News & Politics

New York Supermarket Chains Drop Ben & Jerry's Ice Cream After 'Shameful' Move to Boycott Israel

(Ben & Jerry’s via AP)

Ben Cohen and Jerry Greenfield, the founders of Ben & Jerry’s Ice Cream, were woke before it was cool to be woke. Even after the pair of aging hippies sold the brand to food giant Unilever, their social justice influence continued, thanks to an acquisition agreement with Unilever in which the company agreed to carry on the founders’ tradition of engaging “in critical, global economic and social missions.”

So it’s not surprising that Unilever released a statement on Monday saying it would no longer sell Ben & Jerry’s products in the “occupied territories” — the West Bank and Gaza Strip — once its licensing agreement in Israel expires in 2022.

“Although Ben & Jerry’s will no longer be sold in the OPT, we will stay in Israel through a different arrangement. We will share an update on this as soon as we’re ready,” Unilever’s statement explained.

This blatant cave-in to pressure by the Boycott, Divestment, and Sanctions (BDS) movement did not sit well with some New York supermarket chains.

World Israel News:

The board of directors of Morton Williams Supermarkets quickly met and decided that their 15 stores in the city that never sleeps (and one in New Jersey) would cut 70% of its B&J products, the New York Post reported Tuesday. Co-owner Avi Kaner told the daily that his shops would also stop promoting the brand in its circulars and put what was left in “the least desirable locations” of the freezer section.

While unwilling to alienate certain customers by a complete ban, Kaner said he would work to create a domino effect to send a “strong message” to B&J.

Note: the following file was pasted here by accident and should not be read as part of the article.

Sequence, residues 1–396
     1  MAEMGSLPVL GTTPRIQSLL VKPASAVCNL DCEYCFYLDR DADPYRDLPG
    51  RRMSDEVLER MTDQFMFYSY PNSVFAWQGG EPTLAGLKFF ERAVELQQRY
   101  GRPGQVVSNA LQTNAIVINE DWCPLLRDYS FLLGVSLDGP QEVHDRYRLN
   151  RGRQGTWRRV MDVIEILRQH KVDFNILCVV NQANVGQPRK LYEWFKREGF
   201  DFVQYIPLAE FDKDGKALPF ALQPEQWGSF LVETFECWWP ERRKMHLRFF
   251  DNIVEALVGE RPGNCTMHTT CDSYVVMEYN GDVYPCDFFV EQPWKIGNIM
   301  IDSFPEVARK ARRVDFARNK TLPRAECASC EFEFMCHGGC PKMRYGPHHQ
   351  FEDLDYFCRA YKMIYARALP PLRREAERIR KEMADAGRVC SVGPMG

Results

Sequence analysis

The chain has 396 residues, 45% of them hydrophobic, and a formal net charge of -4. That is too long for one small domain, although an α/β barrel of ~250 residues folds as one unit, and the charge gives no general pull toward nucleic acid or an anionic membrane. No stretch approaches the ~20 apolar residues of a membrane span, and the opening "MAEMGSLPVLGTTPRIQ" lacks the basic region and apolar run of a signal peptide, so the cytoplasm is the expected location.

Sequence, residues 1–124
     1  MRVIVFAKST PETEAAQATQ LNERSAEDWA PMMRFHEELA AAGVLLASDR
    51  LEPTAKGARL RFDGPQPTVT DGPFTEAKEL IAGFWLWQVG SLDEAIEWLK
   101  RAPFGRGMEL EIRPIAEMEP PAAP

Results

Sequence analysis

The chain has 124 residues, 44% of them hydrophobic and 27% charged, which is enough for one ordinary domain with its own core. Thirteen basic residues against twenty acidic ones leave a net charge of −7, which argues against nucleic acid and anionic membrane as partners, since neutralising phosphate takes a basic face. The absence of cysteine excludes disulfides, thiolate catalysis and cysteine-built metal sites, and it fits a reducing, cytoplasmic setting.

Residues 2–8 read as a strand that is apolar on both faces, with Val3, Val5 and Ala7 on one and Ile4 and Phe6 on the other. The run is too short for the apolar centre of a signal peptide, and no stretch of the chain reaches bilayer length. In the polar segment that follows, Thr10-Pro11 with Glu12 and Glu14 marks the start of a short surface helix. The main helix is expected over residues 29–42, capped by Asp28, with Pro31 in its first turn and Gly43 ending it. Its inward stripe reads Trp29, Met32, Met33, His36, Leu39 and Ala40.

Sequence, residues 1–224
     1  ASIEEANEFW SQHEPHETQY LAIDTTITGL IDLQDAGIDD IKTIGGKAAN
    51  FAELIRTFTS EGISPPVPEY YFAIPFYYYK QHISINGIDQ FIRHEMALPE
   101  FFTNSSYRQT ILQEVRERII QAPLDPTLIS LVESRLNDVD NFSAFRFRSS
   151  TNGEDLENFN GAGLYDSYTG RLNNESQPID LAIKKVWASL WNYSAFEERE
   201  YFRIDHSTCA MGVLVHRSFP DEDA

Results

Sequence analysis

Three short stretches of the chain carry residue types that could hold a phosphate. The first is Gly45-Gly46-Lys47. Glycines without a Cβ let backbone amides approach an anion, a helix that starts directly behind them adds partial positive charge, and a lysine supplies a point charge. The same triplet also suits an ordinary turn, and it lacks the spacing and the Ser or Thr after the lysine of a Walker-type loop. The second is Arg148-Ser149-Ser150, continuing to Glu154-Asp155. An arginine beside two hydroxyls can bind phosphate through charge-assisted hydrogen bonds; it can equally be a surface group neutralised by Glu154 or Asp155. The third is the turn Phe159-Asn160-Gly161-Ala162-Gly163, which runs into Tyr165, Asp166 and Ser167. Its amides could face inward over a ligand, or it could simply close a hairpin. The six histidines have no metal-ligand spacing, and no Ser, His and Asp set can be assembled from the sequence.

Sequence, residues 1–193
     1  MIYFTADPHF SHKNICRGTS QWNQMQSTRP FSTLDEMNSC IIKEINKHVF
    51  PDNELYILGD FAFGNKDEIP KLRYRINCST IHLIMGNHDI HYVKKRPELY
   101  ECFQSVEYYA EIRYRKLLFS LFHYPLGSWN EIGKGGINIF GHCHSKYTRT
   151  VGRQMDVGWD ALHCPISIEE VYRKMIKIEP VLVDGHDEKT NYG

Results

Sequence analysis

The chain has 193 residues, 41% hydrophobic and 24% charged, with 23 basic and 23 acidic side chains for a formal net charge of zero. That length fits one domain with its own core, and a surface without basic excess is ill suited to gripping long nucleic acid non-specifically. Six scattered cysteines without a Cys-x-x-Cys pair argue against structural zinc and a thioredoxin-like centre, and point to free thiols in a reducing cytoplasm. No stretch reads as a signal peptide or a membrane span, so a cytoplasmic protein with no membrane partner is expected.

“Of all the places in the world to boycott, Ben & Jerry’s has chosen to target the one Jewish nation in the world,” he said. The company, Kaner added, is “reaching out to other major retailers and distributors in the hope that they will follow suit.”

Kaner tweeted out, “Please try Haagen-Dazs ice cream – you’ll love it!”

Related: Ben & Jerry’s Keeps Giving Us More Reasons Not to Eat Their Ice Cream

Morton Williams wasn’t the only chain to act.

Two popular big groceries, Aron’s Kissena Farms in Queens, and Glatt Express Supermarket in Teaneck, N.J., aren’t waiting and announced that they have already removed the ice cream from their shelves in support of the Jewish state.

A number of other stores in the New York region that carry Ben & Jerry’s have followed suit as well as Kosher Kingdom in Melbourne, Australia.

Meanwhile, the Washington Free Beacon’s Andrew Stiles took a tongue-in-cheek approach to B&J’s BDS.

The company, which is at least partially responsible for the nearly three million annual deaths from obesity, argued that selling ice cream in those areas was “inconsistent with our values.” Others argued the move was merely a performative display of anti-Semitism designed to appeal to journalists and other radical liberals.

New information exclusively obtained by the Washington Free Beacon suggests the company’s commitment to anti-Semitism was the driving force behind the decision. Documents obtained by the Free Beacon reveal that Ben & Jerry’s plans to target the anti-Semite demographic with an extensive ad campaign touting the release of at least five new ice cream flavors.

The satire piece by Stiles quipped that new flavors like “The Women’s March’s Farracone Fudge Factory,” “Yassar Arafat’s First Mintifada,” and “Ilhan Omar’s All About the Benjalmonds” should sell very well among the BDS set.

There are 30 states that have anti-BDS laws on the books. Israeli Foreign Minister Yair Lapid has vowed to go to each one and demand they enforce their own laws.

“Ben & Jerry’s decision is a shameful surrender to anti-Semitism, to BDS, to all the evil in the anti-Israel and anti-Jewish discourse,” he said.

“We will not keep quiet. More than 30 states in the United States have laws against surrendering to BDS that have passed in recent years. I plan to go one by one and demand that they enforce these laws against Ben & Jerry’s because they will not treat us in this way without encountering a response.”

Unilever should be worried about a backlash. There must be a price paid for companies that engage in anti-Semitic advocacy. At least in New York, there will be.